We've road-tested pretty much every navigation device out there, from the smartest cellular connected machines to the dumbest WinCE systems falling off the truck from China, and time and again, we come back to the Nuvi. That's not to say you have to spend $US200 more on a navigator. Maybe you could track down last year's top models that are now on sale. The maps wouldn't have changed that much in 12 months. Regardless, even if the Garmin is $US25 or $US50 more than the TomTom or Magellan on the shelf next to it, get the Garmin. The product will last longer and be more simple to use, resulting in your happiness and the happiness of the people stuck in the car with you. It's worth the extra scratch.
Like liquor, strippers and accountants, when it comes to headphones, you get what you pay for. In this dimension there's no such thing as good $US2 headphones. You might tolerate them because you know don't any better (or you are simply a knowing masochist) but I guarantee you, they sound like the Tin Man's rusty ass.
You may recall that our amazing, extensive no-BS headphones battlemodo breaks down the best and the worst in every price category worth considering, and is a great place to start. The trend of the piece, you might notice, is that you can't go wrong with Shures, which don't cost as much as some audiophile earphones, but generally have list prices starting at $US100. Good news, my favourites for the money, Shure's E2c sound-isolating headphones, now can be had for $60 easy, or as low as $US40 on sale. Some people prefer those to their current replacement the SE110 (the E2c's are slightly bassier), that list for $US100 but sell for $US75 at Amazon at the moment. I know that a few editors at Gizmodo prefer the SE110s, but either way, the "hundred dollar" headphones stomp the cheap-skate model s.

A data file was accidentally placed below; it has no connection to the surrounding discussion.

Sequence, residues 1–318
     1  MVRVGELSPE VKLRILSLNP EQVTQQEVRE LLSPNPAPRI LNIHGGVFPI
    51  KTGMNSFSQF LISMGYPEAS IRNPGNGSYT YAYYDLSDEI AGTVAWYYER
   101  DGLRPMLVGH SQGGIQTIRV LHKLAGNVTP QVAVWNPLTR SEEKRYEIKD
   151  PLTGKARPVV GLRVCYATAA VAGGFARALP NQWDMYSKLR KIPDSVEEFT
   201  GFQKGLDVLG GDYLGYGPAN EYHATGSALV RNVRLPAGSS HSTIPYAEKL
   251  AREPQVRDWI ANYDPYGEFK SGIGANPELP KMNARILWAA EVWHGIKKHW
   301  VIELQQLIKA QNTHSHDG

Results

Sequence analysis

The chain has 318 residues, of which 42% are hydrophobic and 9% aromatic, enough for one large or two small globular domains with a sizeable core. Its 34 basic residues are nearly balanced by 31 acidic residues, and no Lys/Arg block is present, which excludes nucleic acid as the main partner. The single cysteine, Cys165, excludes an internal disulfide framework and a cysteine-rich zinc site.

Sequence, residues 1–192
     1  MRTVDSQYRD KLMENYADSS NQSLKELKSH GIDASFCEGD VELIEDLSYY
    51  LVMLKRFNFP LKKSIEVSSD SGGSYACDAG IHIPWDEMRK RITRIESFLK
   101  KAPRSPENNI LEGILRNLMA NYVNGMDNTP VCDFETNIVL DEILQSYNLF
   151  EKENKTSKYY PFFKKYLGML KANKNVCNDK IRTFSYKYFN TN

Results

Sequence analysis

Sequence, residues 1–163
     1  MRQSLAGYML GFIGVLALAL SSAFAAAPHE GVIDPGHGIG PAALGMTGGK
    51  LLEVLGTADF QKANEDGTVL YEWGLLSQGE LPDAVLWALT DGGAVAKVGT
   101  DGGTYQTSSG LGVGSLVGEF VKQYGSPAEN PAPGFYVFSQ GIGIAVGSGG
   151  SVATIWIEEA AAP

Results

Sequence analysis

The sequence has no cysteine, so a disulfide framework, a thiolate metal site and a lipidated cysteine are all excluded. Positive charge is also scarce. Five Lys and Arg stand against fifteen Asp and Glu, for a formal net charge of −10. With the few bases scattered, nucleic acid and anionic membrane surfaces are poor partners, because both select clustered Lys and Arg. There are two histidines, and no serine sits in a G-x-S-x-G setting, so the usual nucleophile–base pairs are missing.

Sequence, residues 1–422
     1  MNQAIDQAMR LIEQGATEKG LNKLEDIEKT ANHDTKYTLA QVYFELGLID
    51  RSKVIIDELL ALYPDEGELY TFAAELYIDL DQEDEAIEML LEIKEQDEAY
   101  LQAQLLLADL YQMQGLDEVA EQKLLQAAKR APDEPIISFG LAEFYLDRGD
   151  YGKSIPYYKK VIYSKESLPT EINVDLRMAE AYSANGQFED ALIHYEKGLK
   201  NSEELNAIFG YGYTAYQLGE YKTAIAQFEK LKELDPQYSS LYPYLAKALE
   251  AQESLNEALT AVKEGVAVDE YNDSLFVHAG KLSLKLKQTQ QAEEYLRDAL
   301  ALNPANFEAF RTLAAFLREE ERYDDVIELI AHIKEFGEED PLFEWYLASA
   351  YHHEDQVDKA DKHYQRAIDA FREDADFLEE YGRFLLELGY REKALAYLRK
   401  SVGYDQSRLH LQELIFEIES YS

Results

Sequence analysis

That's the real point: The extra $US40 for a good pair of headphones delivers such a fantastical world of difference—especially to those commuters and workout buffs who spend a decent amount of time wearing them—that it is very much worth the extra cash. The only "catch" is that you will finally hear how bad your MP3s sound if you ripped them at a super-low bitrate. MP3s under 192Kbps might need to be re-ripped, since you will hear actually, at long last, hear the compression.
Alright, that's five from us. Surely you guys have got advice on other gear and accessories you should never skimp on. If so, though, you better be prepared to share ways to buy them cheaper than list price. Retail is for suckers! Come on, let's hear from you in the comments.